The same is true for 3D mapping tech, which older CPUs & graphics chips & slower wireless data would make that feature useless as the older iPhones come to a standstill trying to process all that additional data

Of course it's a complete fallacy that Apple restricts some features to sell newer models:
• Apple still sells the previous 2 gens of iPhones, so they still make them money. With their R&D as well as marketing paid off, the older iPhones are Apple's cash cows
• If that were the case, then the new 3D maps feature wouldn't be supported by the iPhone 4S, because the next gen iPhone will likely be released around the time that iOS 6 goes public. So why offer a new feature to the 4S ?

Where OS upgrades are kept from users to get them to upgrade to newer devices is Android. While an iPhone will receive FREE OS updates for years, Android devices are fortunate to receive 1 upgrade. The most popular Android OS is @ ver 2.x, the most current is 4.x.

Reply Score: -1

RE: Comment by Sandman619
by MOS6510 on Tue 26th Jun 2012 21:37 in reply to "Comment by Sandman619"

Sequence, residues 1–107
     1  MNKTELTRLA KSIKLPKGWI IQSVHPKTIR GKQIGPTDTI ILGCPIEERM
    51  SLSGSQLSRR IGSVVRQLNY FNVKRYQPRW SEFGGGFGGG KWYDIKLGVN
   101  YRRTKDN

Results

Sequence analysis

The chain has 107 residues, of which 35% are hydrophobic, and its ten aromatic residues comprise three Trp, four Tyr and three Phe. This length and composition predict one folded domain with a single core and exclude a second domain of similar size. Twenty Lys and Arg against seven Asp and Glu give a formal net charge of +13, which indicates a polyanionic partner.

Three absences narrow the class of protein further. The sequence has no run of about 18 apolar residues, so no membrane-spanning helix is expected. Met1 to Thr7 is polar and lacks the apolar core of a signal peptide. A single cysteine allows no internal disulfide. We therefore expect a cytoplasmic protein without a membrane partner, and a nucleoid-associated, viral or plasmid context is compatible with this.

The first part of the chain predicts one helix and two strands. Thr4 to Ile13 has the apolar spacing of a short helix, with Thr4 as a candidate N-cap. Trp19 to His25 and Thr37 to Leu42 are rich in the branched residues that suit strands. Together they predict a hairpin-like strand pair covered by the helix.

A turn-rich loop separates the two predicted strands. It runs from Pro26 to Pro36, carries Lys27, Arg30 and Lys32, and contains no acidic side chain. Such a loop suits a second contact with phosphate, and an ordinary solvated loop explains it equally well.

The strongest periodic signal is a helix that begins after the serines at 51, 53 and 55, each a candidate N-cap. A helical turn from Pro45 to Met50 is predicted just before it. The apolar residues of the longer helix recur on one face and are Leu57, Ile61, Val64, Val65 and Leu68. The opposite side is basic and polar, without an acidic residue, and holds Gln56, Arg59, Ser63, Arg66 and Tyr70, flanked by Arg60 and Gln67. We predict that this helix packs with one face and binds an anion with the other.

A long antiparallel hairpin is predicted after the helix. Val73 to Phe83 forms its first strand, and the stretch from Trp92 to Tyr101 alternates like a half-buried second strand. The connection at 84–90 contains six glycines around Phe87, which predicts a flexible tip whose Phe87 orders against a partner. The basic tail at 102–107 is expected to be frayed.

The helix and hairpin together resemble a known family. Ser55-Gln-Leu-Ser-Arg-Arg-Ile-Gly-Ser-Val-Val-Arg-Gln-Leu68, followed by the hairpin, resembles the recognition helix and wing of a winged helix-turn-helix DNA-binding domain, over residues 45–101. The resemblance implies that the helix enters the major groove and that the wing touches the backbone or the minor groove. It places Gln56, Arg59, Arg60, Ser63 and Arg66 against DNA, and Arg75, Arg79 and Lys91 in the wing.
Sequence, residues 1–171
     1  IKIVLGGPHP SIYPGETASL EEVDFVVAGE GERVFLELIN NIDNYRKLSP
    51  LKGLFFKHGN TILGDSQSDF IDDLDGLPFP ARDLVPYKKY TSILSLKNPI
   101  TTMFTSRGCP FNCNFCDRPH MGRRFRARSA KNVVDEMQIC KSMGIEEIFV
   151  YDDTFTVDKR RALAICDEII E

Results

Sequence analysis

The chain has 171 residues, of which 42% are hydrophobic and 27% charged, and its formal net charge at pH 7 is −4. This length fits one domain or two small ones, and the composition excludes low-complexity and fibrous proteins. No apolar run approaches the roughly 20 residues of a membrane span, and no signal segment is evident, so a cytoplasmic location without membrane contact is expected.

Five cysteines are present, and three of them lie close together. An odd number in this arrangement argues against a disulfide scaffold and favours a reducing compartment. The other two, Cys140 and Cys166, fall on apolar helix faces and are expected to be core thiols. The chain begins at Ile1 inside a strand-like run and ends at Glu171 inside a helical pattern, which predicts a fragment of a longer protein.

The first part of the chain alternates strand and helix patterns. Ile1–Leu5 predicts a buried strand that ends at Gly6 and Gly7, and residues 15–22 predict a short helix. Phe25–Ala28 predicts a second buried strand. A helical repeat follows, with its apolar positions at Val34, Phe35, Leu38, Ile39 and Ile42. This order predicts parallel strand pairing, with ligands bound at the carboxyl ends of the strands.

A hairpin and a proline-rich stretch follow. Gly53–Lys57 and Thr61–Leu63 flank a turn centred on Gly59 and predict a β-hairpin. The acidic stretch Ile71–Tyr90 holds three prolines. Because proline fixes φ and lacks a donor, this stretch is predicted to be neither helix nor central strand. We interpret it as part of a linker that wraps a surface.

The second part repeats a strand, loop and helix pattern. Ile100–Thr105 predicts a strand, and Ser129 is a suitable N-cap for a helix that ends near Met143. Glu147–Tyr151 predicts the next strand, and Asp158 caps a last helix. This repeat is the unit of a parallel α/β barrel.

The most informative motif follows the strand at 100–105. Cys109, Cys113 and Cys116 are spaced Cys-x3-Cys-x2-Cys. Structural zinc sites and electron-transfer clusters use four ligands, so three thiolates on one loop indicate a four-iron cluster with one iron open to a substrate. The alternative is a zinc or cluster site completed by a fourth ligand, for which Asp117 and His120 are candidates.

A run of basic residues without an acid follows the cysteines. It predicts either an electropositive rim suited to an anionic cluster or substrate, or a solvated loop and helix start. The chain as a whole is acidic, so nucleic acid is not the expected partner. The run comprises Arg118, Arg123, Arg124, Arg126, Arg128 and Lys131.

MOS6510 Member since:
2011-05-12

The iPhone 4S has technology on board to separate your voice from background noise. The iPhone 3GS and 4 don't have this, meaning it would make it more difficult for Siri to understand you resulting in an frustrating experience.

Reply Parent Score: 2

Bill Shooter of Bul Member since:
2006-07-14

So what you're saying is that iphone 4 and earlier sort of suck for voice calls because they lack the second microphone that were included in the cheapest of feature phones five years ago?

Or is it a magical microphone that does more than separate your voice from back ground noise?

Reply Parent Score: 3

RE: Comment by Sandman619
by slims on Tue 26th Jun 2012 21:47 in reply to "Comment by Sandman619"
slims Member since:
2009-12-09

Are you friggin' kidding me? How are things like an email VIP list or an offline reading list could be limited by hardware? Some features could be a hardware-limited limitation, but i think most of them are marketing BS by Apple.